Off the table in the new initiative, according to the Collaborative for Academic, Social and Emotional Learning, is an attempt to measure student progress in social emotional skill development. Such tests typically rely on student self-assessments, which can be fraught with error, according to two noted researchers in the field, Angela Duckworth, a psychology professor at the University of Pennsylvania, and David Yeager, a psychology professor at the University of Texas. At the same time, nine California school districts, through a partnership known as the California Office to Reform Education, are collecting data on the relationship between students’ social and emotional skills and academic achievement reports and defend their measures as statistically valid overall.
The 13 members of the planning team are:
- Tom Adams, deputy superintendent of instruction and learning support, California Department of Education
- Katie Brackenridge, senior director for expanded learning initiatives, Partnership for Children and Youth
- Linda Darling-Hammond, president, Learning Policy Institute
- Michael Funk, director, after school division, California Department of Education
- Erin Gabel, deputy director, external and governmental affairs office, First Five California
- Heather Hough, executive director, CORE-PACE Research Partnership
- Mai Xi Lee, director of social-emotional learning, Sacramento City Unified School District
- Brent Malicote, director of the Standards Support Office, California Department of Education
- Jennifer Peck, executive director, Partnership for Children and Youth
- David Rattray, executive vice president, Los Angeles Area Chamber of Commerce
- Jane Robb, instructional specialist, California Teachers Association
- Ilene Straus, vice president, State Board of Education
- Christine Olmstead, assistant superintendent, instructional services, Orange County Department of Education
Should there be a need for additional expertise, the Collaborating States Initiative also has a national advisory committee that includes Mary Hurley, coordinator for social and emotional learning and leadership in the Oakland Unified School District.
The Collaborating States Initiative will provide consultation, a $5,000 grant for costs related to developing policies and some travel expense reimbursement. The same coordinating group — the Collaborative for Academic, Social, and Emotional Learning — also runs a Collaborating Districts Initiative that includes two California districts, Oakland Unified and Sacramento City Unified.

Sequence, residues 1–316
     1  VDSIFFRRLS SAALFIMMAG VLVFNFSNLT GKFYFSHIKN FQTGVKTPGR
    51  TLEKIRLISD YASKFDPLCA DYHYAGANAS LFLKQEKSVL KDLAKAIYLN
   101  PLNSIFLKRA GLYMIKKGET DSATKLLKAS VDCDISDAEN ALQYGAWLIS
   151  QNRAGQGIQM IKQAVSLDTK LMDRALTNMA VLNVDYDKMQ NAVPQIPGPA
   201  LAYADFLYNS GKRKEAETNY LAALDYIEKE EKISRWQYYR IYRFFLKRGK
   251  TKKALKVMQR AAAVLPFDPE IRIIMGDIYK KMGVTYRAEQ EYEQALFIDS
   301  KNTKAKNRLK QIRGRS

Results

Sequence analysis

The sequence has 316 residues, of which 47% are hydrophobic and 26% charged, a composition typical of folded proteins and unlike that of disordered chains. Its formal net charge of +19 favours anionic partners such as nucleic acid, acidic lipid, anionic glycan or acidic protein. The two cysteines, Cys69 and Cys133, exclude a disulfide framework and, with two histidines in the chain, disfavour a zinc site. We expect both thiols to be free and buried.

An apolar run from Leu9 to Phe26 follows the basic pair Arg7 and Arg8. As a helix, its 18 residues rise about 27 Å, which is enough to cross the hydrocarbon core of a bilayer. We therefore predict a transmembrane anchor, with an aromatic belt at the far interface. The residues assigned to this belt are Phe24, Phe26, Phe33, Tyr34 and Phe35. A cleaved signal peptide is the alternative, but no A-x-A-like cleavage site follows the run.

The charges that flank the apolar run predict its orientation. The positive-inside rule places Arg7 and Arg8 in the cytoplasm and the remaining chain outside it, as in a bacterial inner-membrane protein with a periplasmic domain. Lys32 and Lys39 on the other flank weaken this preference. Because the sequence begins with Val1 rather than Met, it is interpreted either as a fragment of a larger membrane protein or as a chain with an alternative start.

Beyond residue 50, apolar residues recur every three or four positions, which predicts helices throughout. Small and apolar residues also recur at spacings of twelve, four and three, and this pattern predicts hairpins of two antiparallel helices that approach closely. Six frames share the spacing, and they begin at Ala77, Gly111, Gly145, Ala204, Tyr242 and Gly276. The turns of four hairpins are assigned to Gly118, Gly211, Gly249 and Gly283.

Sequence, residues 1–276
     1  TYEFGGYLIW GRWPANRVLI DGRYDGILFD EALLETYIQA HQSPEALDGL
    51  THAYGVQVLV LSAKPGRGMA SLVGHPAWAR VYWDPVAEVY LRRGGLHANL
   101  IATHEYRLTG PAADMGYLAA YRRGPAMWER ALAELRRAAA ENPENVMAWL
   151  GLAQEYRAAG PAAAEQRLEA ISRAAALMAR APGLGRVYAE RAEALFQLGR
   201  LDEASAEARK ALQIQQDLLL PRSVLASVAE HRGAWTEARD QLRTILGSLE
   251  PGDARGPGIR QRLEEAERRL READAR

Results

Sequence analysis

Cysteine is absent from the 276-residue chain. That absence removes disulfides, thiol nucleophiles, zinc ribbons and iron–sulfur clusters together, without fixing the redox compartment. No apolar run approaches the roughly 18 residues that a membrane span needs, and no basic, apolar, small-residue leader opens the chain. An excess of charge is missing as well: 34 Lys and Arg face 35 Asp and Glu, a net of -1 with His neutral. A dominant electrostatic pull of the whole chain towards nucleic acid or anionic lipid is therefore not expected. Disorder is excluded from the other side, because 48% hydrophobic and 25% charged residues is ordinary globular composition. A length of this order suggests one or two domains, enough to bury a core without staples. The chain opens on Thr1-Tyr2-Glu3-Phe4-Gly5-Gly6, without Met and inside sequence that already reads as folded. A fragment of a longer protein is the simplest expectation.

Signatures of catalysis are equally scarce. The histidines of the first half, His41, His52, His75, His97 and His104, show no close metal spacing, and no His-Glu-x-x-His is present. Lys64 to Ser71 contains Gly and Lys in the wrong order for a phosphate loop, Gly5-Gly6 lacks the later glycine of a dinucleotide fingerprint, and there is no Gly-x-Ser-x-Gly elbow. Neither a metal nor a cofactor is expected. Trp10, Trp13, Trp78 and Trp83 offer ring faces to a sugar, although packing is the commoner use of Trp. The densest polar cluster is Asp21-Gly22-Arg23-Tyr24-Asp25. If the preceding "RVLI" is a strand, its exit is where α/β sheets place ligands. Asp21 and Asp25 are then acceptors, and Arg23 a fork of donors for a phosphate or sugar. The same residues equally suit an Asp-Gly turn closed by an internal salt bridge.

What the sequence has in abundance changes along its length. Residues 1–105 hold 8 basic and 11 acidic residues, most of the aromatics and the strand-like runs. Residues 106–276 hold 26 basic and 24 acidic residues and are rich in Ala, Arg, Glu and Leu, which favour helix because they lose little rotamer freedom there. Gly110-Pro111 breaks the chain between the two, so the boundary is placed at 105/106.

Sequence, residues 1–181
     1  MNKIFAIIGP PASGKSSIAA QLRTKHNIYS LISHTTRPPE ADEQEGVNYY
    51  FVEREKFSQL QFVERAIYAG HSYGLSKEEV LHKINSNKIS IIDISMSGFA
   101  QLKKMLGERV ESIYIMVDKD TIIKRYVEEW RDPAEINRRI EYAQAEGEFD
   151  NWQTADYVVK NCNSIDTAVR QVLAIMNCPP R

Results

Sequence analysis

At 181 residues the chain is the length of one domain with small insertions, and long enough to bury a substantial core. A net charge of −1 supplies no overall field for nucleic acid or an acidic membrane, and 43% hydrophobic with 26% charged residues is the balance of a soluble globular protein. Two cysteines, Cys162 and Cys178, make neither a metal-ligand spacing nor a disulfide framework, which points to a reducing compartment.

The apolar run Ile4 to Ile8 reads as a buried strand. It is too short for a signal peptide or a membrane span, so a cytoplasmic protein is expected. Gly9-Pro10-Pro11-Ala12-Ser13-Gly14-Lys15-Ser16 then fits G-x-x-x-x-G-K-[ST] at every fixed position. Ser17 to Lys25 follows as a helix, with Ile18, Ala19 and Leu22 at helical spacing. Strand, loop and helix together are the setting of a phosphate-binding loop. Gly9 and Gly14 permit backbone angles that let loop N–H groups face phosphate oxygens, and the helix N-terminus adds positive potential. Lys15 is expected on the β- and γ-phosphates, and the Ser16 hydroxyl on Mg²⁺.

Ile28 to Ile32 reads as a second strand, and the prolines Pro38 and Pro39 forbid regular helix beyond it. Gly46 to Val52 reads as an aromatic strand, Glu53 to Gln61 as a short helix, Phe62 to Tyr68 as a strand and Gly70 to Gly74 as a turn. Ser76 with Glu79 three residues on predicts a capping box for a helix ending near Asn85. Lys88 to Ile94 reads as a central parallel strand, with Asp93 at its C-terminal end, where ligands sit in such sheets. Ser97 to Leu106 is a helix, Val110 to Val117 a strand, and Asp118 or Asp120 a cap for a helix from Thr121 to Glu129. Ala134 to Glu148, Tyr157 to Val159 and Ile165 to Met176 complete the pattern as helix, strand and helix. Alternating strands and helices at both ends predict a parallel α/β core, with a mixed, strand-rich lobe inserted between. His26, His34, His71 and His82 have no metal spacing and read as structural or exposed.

The idea of teaching social skills, such as the importance of considering another person’s feelings, received a boost under the new federal education law, the Every Student Succeeds Act, which requires that states show how they are improving “conditions for learning” at schools, including reducing bullying and harassment. The new federal law also broadens the narrow focus on test scores of the previous version of the law, No Child Left Behind, by requiring states to create a school accountability system that includes at least one nonacademic indicator. In California’s accountability system, which was adopted last week by the State Board of Education, the nonacademic indicators will include evidence of a positive “school climate,” which can reflect whether students feel school is a safe and supportive place to be.
The Common Core State Standards, which emphasize academic discussions and teamwork on projects, also have increased the focus on explicit instruction of skills such as emotional regulation and perseverance.
To assist California and other states, the Collaborative for Academic, Social and Emotional Learning said it will use and expand its current work on state standards and provide sample social and emotional learning standards for preschool through high school. The group said it also will provide model policies and practice guidelines to bring social and emotional learning into classrooms from preschool to high school.
Support independent journalism
If this article helped keep you informed and engaged with California education, would you consider supporting the nonprofit organization that brought it to you?
EdSource is participating in NewsMatch, a campaign to keep independent, nonprofit journalism strong. A gift to EdSource now means your donation will be matched, dollar for dollar, up to $1,000 per donation through the end of 2018. That means double the support for the reporters, editors and data specialists who brought you this story. Please make a contribution today.